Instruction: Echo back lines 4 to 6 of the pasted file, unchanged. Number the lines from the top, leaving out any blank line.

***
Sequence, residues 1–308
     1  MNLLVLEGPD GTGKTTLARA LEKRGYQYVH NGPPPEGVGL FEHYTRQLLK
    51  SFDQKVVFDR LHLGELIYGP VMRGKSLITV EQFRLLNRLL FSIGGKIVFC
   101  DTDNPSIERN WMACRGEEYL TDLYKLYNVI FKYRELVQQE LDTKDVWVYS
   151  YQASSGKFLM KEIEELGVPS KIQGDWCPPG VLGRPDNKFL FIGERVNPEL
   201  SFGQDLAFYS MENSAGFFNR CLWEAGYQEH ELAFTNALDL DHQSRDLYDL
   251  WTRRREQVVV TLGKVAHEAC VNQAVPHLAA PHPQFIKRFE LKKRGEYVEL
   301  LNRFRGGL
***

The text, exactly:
   101  DTDNPSIERN WMACRGEEYL TDLYKLYNVI FKYRELVQQE LDTKDVWVYS
   151  YQASSGKFLM KEIEELGVPS KIQGDWCPPG VLGRPDNKFL FIGERVNPEL
   201  SFGQDLAFYS MENSAGFFNR CLWEAGYQEH ELAFTNALDL DHQSRDLYDL